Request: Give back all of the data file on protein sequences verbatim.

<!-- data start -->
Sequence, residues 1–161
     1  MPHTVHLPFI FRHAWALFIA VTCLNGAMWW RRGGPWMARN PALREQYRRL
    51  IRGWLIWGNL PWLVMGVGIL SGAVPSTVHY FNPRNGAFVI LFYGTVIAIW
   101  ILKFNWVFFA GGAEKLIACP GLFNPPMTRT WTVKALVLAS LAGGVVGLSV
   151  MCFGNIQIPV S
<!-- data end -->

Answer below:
Sequence, residues 1–161
     1  MPHTVHLPFI FRHAWALFIA VTCLNGAMWW RRGGPWMARN PALREQYRRL
    51  IRGWLIWGNL PWLVMGVGIL SGAVPSTVHY FNPRNGAFVI LFYGTVIAIW
   101  ILKFNWVFFA GGAEKLIACP GLFNPPMTRT WTVKALVLAS LAGGVVGLSV
   151  MCFGNIQIPV S